Understanding a need for quiet space as our children and their worlds grow louder, busier and more crowded.
Heavy footsteps stomp through the house. I hear the thud of a school bag being flung onto the floor. The door of the shoe cabinet slams and trudging continues as she heads towards the back of the house, where she will throw her socks sometimes absent mindedly into the recycling bin rather than the laundry basket. I hear running water as she splashes away cleaning her hands and then shouts out habitually, “Hi Mom, I’m home!”
At this point, my first instincts are to fly down the stairs, sweep her up in a big hug, slap a sloppy kiss on her sticky cheeks and enthusiastically ask to hear about every single minute of her day at school. I have learnt to hold back. Having long accepted, albeit grudgingly, that she prefers to be left alone to read while she has her post school meal to gaze at trees in the garden in the hopes of spotting another species of bird or clap at scurrying squirrels.
I can usually tell if she’s had a rough day at school based on the next few seconds. If she is whining, finding fault with what has been prepared for her lunch, it hasn’t been a great day. If she starts a chirpy conversation or shouts for me to come down for a chat, it’s been a good one. This year, I have definitely received fewer invitations.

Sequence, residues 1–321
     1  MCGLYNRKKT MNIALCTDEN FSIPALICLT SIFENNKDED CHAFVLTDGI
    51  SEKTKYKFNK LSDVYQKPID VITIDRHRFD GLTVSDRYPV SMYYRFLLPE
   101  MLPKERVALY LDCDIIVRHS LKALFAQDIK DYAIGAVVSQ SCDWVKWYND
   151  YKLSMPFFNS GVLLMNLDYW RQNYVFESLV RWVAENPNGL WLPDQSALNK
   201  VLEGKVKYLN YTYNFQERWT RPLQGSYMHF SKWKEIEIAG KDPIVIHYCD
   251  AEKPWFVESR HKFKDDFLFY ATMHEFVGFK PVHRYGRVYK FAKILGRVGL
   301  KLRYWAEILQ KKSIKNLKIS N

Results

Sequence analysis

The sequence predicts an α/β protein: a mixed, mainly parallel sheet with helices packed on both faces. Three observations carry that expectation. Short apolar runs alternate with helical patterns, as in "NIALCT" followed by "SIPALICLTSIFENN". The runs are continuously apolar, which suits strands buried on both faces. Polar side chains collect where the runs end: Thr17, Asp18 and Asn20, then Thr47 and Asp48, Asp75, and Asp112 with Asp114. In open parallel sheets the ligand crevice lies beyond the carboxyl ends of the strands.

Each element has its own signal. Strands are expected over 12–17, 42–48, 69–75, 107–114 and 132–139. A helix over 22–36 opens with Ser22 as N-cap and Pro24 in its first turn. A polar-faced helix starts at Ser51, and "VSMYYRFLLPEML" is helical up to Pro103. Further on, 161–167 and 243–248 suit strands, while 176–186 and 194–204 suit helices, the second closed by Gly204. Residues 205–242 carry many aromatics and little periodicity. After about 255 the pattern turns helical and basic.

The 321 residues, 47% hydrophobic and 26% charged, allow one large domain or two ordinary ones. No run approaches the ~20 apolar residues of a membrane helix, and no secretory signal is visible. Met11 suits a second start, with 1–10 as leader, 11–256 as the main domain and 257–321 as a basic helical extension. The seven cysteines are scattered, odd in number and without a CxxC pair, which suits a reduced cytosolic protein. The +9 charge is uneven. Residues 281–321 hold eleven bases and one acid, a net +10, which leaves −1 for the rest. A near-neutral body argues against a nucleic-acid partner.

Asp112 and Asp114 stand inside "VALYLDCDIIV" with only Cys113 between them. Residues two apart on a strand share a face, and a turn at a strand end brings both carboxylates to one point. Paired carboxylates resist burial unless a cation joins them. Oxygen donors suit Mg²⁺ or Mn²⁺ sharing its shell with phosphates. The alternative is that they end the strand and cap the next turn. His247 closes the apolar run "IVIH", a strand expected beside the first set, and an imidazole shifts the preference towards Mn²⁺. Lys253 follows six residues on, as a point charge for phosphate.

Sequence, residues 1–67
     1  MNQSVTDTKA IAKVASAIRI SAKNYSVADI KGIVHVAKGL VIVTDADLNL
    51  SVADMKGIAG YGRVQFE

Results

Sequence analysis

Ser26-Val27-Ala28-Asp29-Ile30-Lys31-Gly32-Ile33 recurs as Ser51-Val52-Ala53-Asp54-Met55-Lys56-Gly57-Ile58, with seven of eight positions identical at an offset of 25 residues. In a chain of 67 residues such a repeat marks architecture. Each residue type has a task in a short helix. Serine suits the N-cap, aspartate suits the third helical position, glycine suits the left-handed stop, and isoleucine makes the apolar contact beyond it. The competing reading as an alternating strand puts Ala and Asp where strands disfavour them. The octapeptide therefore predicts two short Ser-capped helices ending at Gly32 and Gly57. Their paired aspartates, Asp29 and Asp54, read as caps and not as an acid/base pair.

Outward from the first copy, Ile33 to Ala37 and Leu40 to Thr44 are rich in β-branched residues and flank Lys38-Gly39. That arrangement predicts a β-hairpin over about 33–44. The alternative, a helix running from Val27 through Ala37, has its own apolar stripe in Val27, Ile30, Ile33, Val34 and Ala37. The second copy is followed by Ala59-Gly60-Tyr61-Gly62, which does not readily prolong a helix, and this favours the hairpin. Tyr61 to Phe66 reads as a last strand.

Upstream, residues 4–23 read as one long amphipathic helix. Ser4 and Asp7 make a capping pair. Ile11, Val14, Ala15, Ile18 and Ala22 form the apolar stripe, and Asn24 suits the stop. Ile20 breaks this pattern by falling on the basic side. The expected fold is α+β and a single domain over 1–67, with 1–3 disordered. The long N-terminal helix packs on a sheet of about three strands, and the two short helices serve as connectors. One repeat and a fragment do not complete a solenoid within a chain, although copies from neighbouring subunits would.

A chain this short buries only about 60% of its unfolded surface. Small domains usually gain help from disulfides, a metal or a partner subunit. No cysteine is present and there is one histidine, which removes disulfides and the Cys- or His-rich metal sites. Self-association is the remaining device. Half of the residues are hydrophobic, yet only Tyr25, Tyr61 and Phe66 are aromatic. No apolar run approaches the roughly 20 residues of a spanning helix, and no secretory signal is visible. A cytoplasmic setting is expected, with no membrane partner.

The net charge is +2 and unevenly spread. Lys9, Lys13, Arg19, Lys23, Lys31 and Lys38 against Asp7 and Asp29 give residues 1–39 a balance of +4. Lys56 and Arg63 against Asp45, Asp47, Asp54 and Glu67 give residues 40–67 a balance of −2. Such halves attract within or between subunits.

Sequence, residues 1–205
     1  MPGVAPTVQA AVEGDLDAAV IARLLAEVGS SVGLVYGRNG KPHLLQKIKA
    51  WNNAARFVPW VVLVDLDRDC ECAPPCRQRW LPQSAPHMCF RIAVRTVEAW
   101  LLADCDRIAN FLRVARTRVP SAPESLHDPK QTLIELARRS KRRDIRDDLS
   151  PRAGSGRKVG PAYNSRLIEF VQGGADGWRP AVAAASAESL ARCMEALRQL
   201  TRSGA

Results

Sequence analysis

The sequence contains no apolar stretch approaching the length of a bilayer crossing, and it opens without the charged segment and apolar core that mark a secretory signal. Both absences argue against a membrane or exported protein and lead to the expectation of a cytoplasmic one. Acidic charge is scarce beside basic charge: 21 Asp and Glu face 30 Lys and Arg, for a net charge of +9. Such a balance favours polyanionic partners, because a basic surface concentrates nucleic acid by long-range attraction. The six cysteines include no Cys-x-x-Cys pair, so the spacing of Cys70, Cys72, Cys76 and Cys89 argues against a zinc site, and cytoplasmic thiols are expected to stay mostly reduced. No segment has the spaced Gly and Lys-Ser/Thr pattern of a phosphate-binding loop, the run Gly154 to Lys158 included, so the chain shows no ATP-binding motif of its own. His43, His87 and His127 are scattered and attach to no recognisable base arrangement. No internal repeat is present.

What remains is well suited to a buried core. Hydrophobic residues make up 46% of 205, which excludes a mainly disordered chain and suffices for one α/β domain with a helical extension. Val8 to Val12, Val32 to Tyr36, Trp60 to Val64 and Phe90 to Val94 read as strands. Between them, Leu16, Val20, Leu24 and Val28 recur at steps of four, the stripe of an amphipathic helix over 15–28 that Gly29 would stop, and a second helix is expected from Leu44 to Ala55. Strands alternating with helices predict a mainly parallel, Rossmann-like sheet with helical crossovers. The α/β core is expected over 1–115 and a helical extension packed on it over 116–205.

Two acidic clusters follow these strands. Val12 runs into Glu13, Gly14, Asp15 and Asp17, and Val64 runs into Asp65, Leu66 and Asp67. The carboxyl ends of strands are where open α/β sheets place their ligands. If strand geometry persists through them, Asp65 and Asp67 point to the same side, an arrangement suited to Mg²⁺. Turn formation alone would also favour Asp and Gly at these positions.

The school year began earlier this year and her class has been reshuffled to include some old friends and new faces. I had the opportunity to ask my elder child what she experienced during the transition from the second to the third academic year of primary school. I added that I had been trying to figure out why her sister seemed more agitated in the afternoons this year.
“Mom, don’t you know?” she queried accusingly. She went on to remind me that it was the year that student numbers per class increased from just over thirty students to forty. “Of course, she’s cranky. I felt my personal space invaded. There are just so many people in the class of the same (physical) size as last year. We are all squeezed in! But the tables and chairs are higher. I guess they expect us to grow.” She went on to lament about the higher noise levels and the crowding when they gathered together for group work or when the teacher summoned them to view an exhibit. “The lines are also longer when we have to hand in our work and people always shoving or cutting queue.”
I made a mental note to give our growing children space. Deliberate quiet moments of sanctuary. No fretting at every turn, or questioning upon hearing that she may have chosen to spend recess alone or decline playdate invitations. Instead, I am now conscious that space at home, helps her regulate her need for calm away from chaos.